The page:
The United States contends that the FTCA generally waives sovereign immunity for tort claims against the United States in federal court, but excepts from its general waiver of sovereign immunity claims cognizable in admiralty. The United States contends that the FTCA does not provide subject matter jurisdiction over this action because Plaintiffs' claims "sound solely in admiralty." Mot. to Dismiss, p. 4. The United States also contends that even if the FTCA applied to this action, its sovereign immunity would still be retained because the discretionary function and foreign country exceptions to the FTCA's waiver of sovereign immunity apply.

Plaintiffs appear to agree that this action is cognizable in admiralty and that the FTCA does not apply, stating that the FTCA "despite being supplanted in maritime claims, still is used for guidance since the scope of tort liability within the jurisdiction of admiralty includes actions based on negligence, claims for damage to vessels or cargo, claims for personal injuries on navigable waters, etc." Response, p. 4.

The FTCA generally waives the United States' sovereign immunity for its torts to the same extent a private actor would be liable. 28 U.S.C. §§ 1346(b), 2680(b). However, actions within the admiralty jurisdiction of the federal courts are explicitly excluded from the FTCA. Id. "Although the FTCA usually provides the waiver in tort actions, the FTCA is inapplicable where an admiralty claim exists." Williams v. United States, 711 F.2d 893 (9th Cir. 1983). A tort claim falls within the admiralty jurisdiction of the federal courts if (1) the tort occurs on or over navigable waters (the "locality" or "situs" test), and (2) the actions giving rise to the tort claim "bear a significant relationship to traditional maritime activity" (the "nexus" or "relationship" test). Taghadomi v. United States, 401 F.3d 1080, 1084 (9th Cir. 2005).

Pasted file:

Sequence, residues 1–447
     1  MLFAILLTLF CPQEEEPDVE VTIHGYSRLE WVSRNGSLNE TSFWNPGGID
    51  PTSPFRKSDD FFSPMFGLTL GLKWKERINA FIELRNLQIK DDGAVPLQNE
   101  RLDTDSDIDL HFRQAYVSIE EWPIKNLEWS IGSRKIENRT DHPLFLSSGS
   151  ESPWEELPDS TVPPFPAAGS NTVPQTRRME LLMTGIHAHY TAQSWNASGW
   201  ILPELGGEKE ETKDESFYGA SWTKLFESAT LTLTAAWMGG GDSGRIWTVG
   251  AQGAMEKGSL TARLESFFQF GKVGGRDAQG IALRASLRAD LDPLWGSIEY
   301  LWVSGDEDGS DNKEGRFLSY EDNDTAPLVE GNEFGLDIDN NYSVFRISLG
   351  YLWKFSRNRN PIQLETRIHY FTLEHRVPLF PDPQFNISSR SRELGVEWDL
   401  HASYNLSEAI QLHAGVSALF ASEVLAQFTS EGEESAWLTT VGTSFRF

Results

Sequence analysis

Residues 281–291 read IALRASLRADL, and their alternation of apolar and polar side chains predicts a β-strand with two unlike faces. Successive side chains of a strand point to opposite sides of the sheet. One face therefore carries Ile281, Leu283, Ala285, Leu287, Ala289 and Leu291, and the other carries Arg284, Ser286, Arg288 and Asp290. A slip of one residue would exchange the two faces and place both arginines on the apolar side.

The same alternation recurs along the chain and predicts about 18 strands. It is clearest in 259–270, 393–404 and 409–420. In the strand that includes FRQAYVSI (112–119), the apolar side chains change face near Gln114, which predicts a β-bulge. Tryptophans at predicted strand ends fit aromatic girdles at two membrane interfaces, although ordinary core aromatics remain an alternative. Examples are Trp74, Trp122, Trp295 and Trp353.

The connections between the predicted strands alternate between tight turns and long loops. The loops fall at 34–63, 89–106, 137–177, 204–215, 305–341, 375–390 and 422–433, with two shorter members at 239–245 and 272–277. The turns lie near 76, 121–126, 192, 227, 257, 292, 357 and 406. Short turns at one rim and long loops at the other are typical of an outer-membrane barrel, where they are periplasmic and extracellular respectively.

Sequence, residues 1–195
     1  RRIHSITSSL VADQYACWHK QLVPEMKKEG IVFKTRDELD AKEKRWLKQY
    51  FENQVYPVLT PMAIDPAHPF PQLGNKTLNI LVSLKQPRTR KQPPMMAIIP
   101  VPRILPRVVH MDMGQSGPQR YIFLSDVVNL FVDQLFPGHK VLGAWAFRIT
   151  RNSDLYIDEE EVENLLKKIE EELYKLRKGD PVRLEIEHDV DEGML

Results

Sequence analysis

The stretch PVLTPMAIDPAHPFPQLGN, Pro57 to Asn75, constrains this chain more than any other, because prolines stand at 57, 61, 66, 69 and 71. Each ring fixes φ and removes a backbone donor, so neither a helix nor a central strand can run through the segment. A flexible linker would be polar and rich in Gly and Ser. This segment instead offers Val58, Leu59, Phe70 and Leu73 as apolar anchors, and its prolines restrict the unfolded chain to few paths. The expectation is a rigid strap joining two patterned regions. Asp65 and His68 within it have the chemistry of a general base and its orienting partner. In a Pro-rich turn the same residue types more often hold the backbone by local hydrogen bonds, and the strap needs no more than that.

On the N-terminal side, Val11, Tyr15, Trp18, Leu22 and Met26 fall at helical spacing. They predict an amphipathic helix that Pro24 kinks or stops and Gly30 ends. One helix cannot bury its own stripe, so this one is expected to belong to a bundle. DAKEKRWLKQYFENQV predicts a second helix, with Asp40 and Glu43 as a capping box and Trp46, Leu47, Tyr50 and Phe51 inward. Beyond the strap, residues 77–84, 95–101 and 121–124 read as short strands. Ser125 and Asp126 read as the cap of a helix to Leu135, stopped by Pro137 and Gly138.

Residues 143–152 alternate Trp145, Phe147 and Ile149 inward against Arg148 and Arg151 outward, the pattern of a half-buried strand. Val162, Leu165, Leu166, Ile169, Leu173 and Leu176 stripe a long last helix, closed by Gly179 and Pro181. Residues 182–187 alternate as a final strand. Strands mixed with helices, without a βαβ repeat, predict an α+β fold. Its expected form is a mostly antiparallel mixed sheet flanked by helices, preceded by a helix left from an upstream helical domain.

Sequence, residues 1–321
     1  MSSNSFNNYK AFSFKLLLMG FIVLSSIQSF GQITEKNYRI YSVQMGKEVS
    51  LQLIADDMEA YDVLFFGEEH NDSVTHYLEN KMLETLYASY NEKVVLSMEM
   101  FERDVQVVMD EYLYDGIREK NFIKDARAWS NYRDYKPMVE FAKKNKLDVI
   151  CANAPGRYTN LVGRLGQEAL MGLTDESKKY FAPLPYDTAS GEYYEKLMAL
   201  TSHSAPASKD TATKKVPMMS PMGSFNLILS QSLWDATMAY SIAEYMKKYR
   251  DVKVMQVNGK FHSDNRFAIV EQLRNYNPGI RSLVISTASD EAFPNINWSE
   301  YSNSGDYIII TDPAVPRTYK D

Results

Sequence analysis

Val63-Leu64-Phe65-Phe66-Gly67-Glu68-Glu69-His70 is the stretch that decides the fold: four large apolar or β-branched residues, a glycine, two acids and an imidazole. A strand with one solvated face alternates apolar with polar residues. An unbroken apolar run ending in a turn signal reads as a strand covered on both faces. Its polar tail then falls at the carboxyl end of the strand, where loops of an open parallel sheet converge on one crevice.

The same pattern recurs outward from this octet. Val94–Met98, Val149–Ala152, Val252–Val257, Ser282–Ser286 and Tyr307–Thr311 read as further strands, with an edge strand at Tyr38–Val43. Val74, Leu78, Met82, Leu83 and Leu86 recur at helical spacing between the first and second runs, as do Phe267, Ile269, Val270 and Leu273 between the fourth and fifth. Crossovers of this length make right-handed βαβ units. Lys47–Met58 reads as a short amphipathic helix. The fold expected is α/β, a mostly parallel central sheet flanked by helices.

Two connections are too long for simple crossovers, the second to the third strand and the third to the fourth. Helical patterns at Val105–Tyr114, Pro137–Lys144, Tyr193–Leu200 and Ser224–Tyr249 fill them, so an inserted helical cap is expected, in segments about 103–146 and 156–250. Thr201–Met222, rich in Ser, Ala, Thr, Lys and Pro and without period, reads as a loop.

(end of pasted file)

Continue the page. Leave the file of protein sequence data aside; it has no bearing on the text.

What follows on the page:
Plaintiffs do not dispute that the events giving rise to their claims occurred on navigable waters and bear a significant relationship to traditional maritime activity.

The "locality" or "situs" test is satisfied because Plaintiffs' claims derive from the boarding, search and seizure of Plaintiffs' vessel in navigable waters off the coast of Ecuador. See Taghadomi, 401 F.3d at 1084. The "nexus" or "relationship" test is satisfied because all of the claims alleged in the Complaint derive from Coast Guard operations of stopping, boarding, searching and seizing Plaintiffs' vessel. See Kelly v. United States, 531 F.2d 1144, 1148 (2d Cir. 1976) (holding that operations of the Coast Guard bear a significant relationship to traditional maritime activity). The Court concludes that Plaintiffs have failed to meet their burden of establishing subject matter jurisdiction under the FTCA because this action falls within the admiralty jurisdiction of the federal courts.

B. Subject Matter Jurisdiction under the Suits in Admiralty Act

The United States contends that the SAA generally waives sovereign immunity in admiralty actions, but that the discretionary function exception retains sovereign immunity for conduct that involves an element of choice and is grounded in policy considerations. The United States contends that the SAA does not provide a basis for subject matter jurisdiction in this action because the discretionary function applies.

Plaintiffs contend that the discretionary function exception does not apply to this action because the Coast Guard's acts involved the implementation of clear Coast Guard mandates under objective criteria and were not grounded in social, economic or political policy considerations.